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Why Most Indie Developers are Ditching Mobile Gaming?
We have heard it before, talked about it before and talked about it a little more after that; but where exactly does the mobile app development market stand when compared to the main stream development arena? Are mobile games really the future of gaming – or is it just inflated expectations?
Well, no one could answer that better than the indie developers with the “been there, done that” mantra. GamesIndustry and CinemaBlend have gone to great lengths while trying to get a conclusion out of this.
There was a time, not a long walk into the past, when the tremendous growth in the mobile and tablet market made people reconsider their priorities pretty strongly. We saw developers, mostly small and independent developers, heading out to test their luck; and we don’t blame them either.
The mobile industry has over 1 billion users, that’s one seventh of the whole world’s population whereas talking about the console-based industry it is astonishing news when Sony announces that it expects to sell more than 5 million units of PS4 in the season.
Yet, everything is not as it seems to be right? Many of the indie developers who went jumping towards the new market niche have either hit dead ends on momentous competition. A survey by App Developers Conference revealed that nearly half of the mobile app developers surveyed had made no profits whatsoever!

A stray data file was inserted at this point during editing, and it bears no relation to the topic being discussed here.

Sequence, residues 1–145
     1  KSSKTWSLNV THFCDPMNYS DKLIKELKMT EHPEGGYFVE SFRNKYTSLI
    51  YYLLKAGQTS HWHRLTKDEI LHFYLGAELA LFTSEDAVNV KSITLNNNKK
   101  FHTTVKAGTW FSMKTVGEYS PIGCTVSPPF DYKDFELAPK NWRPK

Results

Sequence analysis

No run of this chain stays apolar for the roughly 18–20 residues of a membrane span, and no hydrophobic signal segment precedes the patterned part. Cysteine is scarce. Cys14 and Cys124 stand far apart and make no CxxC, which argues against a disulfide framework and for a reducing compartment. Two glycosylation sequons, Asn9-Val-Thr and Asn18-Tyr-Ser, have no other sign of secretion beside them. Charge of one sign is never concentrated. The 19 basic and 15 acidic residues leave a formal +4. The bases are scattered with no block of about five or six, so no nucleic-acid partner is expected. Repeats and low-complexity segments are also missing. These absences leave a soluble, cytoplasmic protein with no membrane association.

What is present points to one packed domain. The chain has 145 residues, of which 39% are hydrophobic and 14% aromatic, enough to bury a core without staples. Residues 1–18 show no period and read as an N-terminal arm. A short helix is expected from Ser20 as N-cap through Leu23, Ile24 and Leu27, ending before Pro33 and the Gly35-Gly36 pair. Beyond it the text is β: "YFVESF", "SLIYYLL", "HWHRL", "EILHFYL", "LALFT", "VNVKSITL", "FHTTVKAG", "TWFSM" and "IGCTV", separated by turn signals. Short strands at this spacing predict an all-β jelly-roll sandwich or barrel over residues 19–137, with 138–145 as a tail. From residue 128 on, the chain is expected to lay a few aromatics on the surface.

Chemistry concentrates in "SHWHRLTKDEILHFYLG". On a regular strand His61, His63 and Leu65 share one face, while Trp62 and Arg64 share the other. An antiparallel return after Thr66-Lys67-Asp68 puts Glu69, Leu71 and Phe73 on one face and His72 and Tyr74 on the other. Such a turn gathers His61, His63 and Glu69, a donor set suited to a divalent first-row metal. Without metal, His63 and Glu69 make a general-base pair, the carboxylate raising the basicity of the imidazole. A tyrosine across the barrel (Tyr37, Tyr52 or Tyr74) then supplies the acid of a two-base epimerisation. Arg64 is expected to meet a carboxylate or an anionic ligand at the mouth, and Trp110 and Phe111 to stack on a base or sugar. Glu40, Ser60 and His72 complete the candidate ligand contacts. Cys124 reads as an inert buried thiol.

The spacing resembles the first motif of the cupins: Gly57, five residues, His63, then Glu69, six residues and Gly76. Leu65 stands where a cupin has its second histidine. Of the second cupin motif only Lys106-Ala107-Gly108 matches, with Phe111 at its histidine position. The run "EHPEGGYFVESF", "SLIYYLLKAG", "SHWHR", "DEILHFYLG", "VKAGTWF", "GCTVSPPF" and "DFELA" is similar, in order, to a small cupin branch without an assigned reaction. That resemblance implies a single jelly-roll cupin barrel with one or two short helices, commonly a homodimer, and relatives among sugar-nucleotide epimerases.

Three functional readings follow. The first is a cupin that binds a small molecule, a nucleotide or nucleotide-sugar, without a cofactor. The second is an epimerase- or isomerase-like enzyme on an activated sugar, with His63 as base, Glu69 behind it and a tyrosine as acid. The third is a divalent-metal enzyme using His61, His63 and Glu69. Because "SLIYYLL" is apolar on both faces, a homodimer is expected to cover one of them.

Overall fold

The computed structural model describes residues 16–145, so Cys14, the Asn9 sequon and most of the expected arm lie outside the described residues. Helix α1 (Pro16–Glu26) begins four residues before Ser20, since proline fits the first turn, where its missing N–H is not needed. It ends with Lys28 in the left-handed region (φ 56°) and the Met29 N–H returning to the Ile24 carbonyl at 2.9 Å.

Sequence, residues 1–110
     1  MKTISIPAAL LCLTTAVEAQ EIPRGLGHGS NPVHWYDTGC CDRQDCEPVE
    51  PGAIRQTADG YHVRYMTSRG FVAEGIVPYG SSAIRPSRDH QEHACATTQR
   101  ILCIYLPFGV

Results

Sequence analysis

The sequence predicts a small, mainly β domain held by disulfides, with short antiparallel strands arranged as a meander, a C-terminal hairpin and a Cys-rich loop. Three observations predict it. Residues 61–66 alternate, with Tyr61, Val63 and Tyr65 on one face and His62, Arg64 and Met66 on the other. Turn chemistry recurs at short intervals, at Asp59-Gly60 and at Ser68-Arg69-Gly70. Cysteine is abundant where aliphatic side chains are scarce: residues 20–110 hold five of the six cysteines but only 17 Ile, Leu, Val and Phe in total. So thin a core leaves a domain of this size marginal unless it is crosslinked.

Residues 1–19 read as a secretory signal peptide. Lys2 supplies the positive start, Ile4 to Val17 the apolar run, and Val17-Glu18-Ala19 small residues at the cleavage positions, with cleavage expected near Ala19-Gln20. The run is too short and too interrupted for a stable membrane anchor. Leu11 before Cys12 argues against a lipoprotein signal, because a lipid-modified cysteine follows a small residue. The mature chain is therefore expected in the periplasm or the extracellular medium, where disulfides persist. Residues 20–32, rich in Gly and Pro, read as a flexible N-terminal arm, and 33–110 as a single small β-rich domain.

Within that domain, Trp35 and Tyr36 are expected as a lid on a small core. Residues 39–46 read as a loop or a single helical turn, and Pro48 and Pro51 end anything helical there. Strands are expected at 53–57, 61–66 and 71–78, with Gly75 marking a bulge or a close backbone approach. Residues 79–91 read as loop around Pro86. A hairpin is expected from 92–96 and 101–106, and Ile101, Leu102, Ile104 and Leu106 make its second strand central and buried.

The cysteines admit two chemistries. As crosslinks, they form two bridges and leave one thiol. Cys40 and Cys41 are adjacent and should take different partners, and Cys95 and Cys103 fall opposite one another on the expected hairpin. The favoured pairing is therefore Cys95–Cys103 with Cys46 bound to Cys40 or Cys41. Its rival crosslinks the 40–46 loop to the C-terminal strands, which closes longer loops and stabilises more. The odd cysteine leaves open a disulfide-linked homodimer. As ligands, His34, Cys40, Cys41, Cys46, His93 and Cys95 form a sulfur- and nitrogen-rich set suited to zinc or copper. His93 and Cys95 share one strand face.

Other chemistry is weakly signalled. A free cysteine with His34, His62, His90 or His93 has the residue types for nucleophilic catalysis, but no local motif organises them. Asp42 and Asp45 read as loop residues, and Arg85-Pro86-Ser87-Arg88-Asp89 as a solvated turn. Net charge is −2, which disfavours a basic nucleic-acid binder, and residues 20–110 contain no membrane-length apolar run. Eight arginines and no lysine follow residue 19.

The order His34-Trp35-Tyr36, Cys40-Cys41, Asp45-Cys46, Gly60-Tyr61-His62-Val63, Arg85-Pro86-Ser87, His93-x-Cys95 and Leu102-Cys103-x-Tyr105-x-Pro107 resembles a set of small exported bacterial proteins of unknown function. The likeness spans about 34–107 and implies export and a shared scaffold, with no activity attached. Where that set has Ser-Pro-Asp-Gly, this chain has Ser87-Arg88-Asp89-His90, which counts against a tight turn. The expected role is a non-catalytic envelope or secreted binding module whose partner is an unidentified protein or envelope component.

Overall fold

This is because there is such a huge competition that it gets virtually impossible to stand out. Of course we hear about Temple Run and Angry Birds every day but hey, these are just two games that succeeded out of millions.
Jeffery Lim the CEO of Wicked Dogs Games for one has had a change of hearts: “The mobile space offers certain advantages, like having the largest customer base and relatively low development costs. However, there’s no doubt it is getting harder to be profitable with the ongoing piracy and discoverability issues.”
“So yes, we do think developers (especially indies) are considering going back to develop for the PC – and even game consoles. The cost of self-publishing on these platforms has dropped significantly, and console makers are also making their platforms more indie-friendly now,” he added.
Assuredly, the piracy issue in the mobile app development market is a lot bigger when compared to the PC and consoles gaming industry. Topping that off is the fact that the competition here, though strong, is not as violent as the mobile gaming industry.
Then there is the fact that the mainstream platforms are more than welcoming towards the same indie developers who went running towards mobile gaming with dreams of easy money all over their heads. For instance, Nintendo has slackened their approval process while Sony revoked it outright. Even the rigid Microsoft has had a change of hearts.
Lastly, I wouldn’t consider any hardcore gamer to actually switch to mobile gaming by banishing his consoles and his PC – that is just not how it works. Mobile gaming is an accessory, but PC and consoles are the real deal.
So yeah, that’s the sound of indie developers ditching mobile gaming to go back to PCs and Xbox Ones and PlayStation 4s that you hear.